Galleon on Salt Billows

You have been interested in your shadow. Look instead directly at the sun. —Rumi

Month: July, 2015

Salinas

Today, I spent the day in Salinas. I visited two major places: the Steinbeck House and the National Steinbeck Center.

The Steinbeck House, once John Steinbeck’s childhood home, now functions as a restaurant and gift shop. I had to get lunch from the Steinbeck House! It is run entirely by volunteers – the most precious elderly ladies (and gentleman!) that I’ve ever met in my life. The gentleman told this joke, which I found hilarious: “Everyone who works here is a volunteer, except for the cook because we can’t do that, and the dishwasher because we don’t want to! And the bookkeeper upstairs… we can’t do that either.” The ones who served the food wore Victorian era skirts that matched the window curtains, and I thought to myself that I would love to do something like this after I retire – just volunteer at the Steinbeck House. I had a Steinbeck Tea (which is a straight iced tea mixed with pink lemonade), confetti soup, a ham and leek quiche, and a creme brulee. Everything was wonderful, and I promptly bought those recipe cards from the gift shop downstairs. I also bought the Steinbeck House recipe book, which I plan to refer to often once I move into my new apartment. I want to return on Sunday for a tour, so I’ll leave the description of the house till then. I did poke my head into several of the rooms. They all still have such an antiquated beauty, and certain windows were left open to let in the most refreshing breeze. Downstairs in the cellar, which has been converted into a gift shop, I met an old lady who was also taking a road trip by herself! She had come up from Hollywood, and was celebrating her retirement. I told her that I can’t wait to retire, and she told me that the price of retirement was to be 70 years old. She was happy, and I was happy, and in that moment our shared joy of freedom made us kindred spirits.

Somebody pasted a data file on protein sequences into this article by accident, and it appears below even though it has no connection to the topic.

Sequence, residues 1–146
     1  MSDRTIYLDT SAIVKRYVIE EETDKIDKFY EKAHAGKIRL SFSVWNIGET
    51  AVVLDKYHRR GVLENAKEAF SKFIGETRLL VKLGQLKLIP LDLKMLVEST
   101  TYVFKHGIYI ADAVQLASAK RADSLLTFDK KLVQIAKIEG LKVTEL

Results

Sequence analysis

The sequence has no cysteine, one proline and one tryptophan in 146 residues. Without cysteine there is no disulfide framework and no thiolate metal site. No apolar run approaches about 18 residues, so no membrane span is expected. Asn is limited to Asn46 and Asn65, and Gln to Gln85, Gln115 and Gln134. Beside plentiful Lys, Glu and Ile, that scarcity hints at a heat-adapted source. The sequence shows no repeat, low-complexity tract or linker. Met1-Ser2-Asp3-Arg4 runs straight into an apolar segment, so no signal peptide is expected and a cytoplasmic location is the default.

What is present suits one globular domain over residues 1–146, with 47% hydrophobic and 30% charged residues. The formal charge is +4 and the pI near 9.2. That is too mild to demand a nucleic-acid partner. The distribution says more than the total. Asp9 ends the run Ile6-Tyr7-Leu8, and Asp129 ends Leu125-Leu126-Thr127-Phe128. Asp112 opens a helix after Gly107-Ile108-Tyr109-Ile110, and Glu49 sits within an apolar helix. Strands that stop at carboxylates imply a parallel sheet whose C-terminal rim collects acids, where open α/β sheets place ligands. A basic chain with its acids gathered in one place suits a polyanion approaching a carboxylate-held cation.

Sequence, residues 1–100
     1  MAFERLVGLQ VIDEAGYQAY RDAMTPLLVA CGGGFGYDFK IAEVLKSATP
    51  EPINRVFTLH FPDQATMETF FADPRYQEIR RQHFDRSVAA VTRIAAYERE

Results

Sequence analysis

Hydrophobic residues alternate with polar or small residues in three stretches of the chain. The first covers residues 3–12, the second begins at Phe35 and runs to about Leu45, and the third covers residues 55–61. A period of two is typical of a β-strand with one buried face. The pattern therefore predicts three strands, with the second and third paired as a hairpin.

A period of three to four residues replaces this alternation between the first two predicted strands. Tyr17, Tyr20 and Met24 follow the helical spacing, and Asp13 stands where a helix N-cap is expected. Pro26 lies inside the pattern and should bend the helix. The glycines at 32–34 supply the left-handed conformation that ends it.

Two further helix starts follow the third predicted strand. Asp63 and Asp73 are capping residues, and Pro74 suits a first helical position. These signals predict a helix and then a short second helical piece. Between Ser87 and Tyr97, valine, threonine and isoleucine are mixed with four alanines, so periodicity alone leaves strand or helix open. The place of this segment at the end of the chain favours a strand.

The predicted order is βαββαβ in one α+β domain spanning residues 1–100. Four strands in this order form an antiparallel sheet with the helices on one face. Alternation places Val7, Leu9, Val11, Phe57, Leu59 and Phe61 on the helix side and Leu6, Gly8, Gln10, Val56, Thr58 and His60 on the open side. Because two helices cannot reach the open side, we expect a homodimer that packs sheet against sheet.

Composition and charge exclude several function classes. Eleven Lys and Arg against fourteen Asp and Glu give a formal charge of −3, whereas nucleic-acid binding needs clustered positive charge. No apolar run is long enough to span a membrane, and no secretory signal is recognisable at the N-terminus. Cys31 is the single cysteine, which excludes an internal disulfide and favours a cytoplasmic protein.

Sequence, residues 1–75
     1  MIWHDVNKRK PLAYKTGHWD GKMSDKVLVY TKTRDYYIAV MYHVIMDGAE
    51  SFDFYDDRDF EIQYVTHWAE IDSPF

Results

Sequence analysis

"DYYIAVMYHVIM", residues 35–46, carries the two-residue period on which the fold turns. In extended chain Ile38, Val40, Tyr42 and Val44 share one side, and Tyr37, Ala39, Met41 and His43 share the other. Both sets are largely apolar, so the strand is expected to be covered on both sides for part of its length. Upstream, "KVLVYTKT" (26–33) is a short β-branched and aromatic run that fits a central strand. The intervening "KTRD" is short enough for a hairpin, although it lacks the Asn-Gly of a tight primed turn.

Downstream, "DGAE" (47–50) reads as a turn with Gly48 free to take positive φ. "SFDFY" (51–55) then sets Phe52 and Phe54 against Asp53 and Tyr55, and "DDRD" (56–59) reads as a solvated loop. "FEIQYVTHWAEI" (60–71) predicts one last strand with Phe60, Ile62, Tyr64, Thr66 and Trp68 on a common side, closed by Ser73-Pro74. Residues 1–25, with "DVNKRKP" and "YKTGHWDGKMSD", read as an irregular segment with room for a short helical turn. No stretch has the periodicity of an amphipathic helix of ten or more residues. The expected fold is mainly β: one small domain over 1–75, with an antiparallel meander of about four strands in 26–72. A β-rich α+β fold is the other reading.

After I had my lunch and threw an embarrassing amount of money at the gift shop, I left to visit the National Steinbeck Center. It’s a museum full of interactive exhibits featuring Steinbeck’s life and body of work. I was really excited that I could use my newly acquired student ID to receive a discount, and I proceeded to touch everything I could think to touch in the museum. I’ll post some pictures later, when I have a more passable internet connection. When I left, the lady at the entrance told me that I had spent a long time in the museum – which was a good thing, because she often saw many people who come in and leave very soon after. I cannot even fathom how anyone can leave this place so quickly. The suggested introductory videos alone were 40 minutes combined! The entire museum is so immersive; you feel like you’re inside the book, that you’re surrounded by a living form of literature. WHY COME IN THE FIRST PLACE IF YOU DON’T LOVE BEING SURROUNDED BY LITERATURE? When I left after about three hours, the parking garage charged me $1.50. Houston parking garages are robbing their patrons.